All the pleasures of `La Traviata' in a colorful display

Music Review

October 28, 2005|By GLENN MCNATT | GLENN MCNATT,SUN ART CRITIC

Wednesday evening's performance of the Baltimore Opera Company's production of Giuseppe Verdi's La Traviata - the second night of the season-opening show - had just about everything you'd want in this perennial classic about a beautiful fallen woman and the callow youth who adores her.

Soprano Elena Kelessidi delivered a magnetic vocal performance as Violetta Valery, the pleasure-loving Parisian courtesan who's willing to give it all up for the one true love of her life.

Kelessidi looked the part, too: delicate to a fault and almost preternaturally pale, as befits a heroine destined to die of consumption before the final curtain falls. She's got the total package, with the role in her voice - as opposed to merely singing the notes - in a score that calls for plenty of coloratura fireworks from the leading lady as well as pathos and drama.

Tenor Marcus McConico as Alfredo Germont, Violetta's star-struck young lover, had the looks for the part but he seemed oddly detached for much of the first act, and never quite managed to win the audience back.

Although he recovered somewhat with a touching rendition of the Act II aria "Lunge da lei," in which Alfredo revels in the unstinting love Violetta has offered. And he showed real flashes of passion in the banquet scene, when he confronts Violetta's purported unfaithfulness and agrees to a dual with her old protector, the oily, aristocratic moneybags Baron Douphol - sung with menacing panache by baritone Trevor Byron Scheunemann - McConico's Alfredo was definitely the weaker performance.

The stellar turn of baritone Ned Barth in the role of Georgio Germont, Alfredo's father, nearly made up for that disappointment, however. Barth's second-act duet with Kelessidi, in which he begged her to give up Alfredo to save the family's honor, was sung so tenderly that one almost wanted to rewrite the plot so that the father, rather than his self-centered, emotionally immature son, could have been the love of Violetta's life.

There was certainly enough electricity between the two. When the elder Germont took Violetta in his arms in a paternal embrace of forgiveness, the intimacy of the gesture was so palpable you had to wonder why he would ever let her go.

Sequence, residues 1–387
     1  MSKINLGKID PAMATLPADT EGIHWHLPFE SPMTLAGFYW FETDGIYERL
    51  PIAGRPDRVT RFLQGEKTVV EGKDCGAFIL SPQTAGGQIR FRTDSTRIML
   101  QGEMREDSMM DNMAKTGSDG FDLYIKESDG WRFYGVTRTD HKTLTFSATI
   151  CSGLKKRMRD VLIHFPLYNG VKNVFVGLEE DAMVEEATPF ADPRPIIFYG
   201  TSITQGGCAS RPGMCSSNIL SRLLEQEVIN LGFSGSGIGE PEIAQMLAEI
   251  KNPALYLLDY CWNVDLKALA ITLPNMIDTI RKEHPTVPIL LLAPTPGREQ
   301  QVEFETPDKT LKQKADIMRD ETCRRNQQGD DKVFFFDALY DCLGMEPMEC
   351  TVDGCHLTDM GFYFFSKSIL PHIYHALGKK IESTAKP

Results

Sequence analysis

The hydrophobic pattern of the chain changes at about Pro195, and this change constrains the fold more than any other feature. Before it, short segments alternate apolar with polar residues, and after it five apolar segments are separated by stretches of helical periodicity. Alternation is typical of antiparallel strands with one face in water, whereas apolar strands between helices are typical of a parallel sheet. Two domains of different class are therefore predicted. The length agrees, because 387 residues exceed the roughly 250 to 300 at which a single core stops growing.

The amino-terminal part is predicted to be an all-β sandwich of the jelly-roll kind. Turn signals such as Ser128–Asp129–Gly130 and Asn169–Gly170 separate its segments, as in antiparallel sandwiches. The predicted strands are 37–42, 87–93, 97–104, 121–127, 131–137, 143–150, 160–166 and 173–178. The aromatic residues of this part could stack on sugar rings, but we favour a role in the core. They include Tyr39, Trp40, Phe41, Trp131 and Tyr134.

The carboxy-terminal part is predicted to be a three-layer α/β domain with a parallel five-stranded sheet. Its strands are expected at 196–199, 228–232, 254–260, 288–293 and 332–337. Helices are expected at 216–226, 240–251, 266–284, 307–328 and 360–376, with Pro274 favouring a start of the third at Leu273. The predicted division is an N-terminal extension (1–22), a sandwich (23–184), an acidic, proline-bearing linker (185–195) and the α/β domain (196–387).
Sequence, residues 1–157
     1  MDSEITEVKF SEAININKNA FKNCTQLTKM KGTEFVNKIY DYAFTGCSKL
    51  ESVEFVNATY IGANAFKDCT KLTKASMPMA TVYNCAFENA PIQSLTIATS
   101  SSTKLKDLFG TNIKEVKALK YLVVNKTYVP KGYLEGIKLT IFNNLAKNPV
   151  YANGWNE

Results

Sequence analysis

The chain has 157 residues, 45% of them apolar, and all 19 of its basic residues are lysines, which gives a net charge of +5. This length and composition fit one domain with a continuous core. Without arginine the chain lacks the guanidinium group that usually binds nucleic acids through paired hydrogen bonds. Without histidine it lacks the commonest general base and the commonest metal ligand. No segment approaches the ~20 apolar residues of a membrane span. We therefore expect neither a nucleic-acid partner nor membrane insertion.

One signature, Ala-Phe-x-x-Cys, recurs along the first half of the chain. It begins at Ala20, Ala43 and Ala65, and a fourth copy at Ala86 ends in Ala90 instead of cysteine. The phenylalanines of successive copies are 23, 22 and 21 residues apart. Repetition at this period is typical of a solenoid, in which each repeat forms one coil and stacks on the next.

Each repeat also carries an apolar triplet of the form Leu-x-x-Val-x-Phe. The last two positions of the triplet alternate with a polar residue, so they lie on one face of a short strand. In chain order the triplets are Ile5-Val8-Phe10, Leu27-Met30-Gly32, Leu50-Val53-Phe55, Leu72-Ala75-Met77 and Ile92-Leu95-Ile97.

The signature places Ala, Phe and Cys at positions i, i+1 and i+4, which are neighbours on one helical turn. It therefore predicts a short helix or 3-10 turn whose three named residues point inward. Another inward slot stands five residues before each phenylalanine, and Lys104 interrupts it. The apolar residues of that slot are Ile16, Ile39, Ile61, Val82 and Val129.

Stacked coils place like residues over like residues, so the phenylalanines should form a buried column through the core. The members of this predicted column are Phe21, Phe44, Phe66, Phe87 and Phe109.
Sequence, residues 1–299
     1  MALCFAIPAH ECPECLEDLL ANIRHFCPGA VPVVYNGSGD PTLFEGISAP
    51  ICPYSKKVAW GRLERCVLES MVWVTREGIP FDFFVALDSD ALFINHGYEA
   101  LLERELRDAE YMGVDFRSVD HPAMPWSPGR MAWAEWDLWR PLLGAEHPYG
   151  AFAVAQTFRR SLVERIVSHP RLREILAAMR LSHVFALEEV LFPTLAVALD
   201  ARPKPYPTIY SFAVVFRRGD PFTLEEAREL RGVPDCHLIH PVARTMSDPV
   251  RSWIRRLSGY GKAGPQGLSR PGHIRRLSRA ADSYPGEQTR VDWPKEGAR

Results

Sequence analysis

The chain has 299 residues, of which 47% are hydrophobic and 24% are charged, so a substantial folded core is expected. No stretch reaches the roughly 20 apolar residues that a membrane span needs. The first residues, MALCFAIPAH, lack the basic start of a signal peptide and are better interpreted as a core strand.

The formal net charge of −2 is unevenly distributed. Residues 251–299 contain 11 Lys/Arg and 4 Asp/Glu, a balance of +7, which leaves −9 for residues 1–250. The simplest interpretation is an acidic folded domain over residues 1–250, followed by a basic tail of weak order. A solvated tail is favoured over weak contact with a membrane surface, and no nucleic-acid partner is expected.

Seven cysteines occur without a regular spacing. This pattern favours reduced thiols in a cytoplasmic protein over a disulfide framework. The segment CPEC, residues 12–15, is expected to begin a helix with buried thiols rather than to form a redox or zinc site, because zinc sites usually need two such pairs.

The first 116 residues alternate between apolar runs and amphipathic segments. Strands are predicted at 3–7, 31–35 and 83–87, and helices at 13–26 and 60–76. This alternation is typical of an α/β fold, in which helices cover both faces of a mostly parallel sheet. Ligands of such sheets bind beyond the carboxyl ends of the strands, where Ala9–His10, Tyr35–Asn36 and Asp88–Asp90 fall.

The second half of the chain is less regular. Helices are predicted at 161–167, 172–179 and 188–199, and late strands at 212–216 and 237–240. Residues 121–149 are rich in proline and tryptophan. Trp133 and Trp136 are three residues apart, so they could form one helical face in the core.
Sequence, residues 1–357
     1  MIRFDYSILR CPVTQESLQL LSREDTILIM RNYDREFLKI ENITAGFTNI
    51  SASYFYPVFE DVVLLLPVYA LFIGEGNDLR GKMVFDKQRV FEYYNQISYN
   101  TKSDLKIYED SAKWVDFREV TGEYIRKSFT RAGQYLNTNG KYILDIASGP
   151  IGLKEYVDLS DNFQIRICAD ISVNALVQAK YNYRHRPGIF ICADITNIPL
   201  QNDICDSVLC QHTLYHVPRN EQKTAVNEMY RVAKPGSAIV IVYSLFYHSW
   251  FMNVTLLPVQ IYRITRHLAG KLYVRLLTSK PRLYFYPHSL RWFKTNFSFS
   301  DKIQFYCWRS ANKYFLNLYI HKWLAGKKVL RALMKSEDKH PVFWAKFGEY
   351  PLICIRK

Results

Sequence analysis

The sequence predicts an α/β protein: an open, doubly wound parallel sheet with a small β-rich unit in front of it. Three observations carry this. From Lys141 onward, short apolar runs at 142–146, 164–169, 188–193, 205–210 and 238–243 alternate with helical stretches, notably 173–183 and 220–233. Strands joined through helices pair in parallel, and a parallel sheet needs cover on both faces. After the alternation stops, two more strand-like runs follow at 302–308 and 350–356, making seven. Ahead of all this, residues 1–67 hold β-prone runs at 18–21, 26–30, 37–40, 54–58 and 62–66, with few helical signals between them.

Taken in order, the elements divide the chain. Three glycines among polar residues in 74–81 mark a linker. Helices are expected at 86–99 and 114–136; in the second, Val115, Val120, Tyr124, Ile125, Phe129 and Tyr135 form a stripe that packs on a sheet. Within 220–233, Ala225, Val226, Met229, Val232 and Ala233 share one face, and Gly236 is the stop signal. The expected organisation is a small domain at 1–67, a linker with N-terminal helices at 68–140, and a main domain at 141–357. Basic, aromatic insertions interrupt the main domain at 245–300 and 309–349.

The set design, by Josef Svoboda, was a stunner from the start: a giant, ingeniously tilted wall of mirrors that rose like a billboard from the back of the stage to reflect painted period backdrops laid out like enormous carpets under the performers' feet.

Because the mirrors were tilted slightly downward, they reflected not only the backdrops on the floor but also aerial views of the cast and chorus, so that one saw the characters simultaneously from the front and from above.

I wondered whether this bit of stagecraft served some symbolic function. Was it perhaps a trope for the dichotomy between true happiness and the false gaiety of Parisian high life? Or perhaps it signified the inevitable disconnect between love's romantic illusions and its tragic reality.

Whichever, this eye-popping aspect of the production - along with costume designer Howard Tsvi Kaplan's sumptuous period outfits that drenched the stage in flowing color - was way cool, the kind of extravagant spectacle that afterward makes the dramatic action stick in your mind.

The supporting cast - mezzo Nicole Biondo as Flora, Brendan Cooke as the Marquis D'Obigny, David Langan as Violetta's sympathetic physician, Dr. Grenvile, and Madeleine Gray as the timid maid Annina - was charming and characterful, and the chorus sang with style and brio. The Act II Spanish dancers, choreographed by Kimberly Mackin, added a piquant touch of the exotic, and conductor Julius Rudel kept the proceedings on track with vitality and understated elegance.

glenn.mcnatt@baltsun.com

La Traviata Lyric Opera House, 140 W. Mount Royal Ave., 8:15 tonight and 3 p.m. Sunday. Tickets $37-$132. Call 410-727-6000.

Baltimore Sun Articles
|
|
|
Please note the green-lined linked article text has been applied commercially without any involvement from our newsroom editors, reporters or any other editorial staff.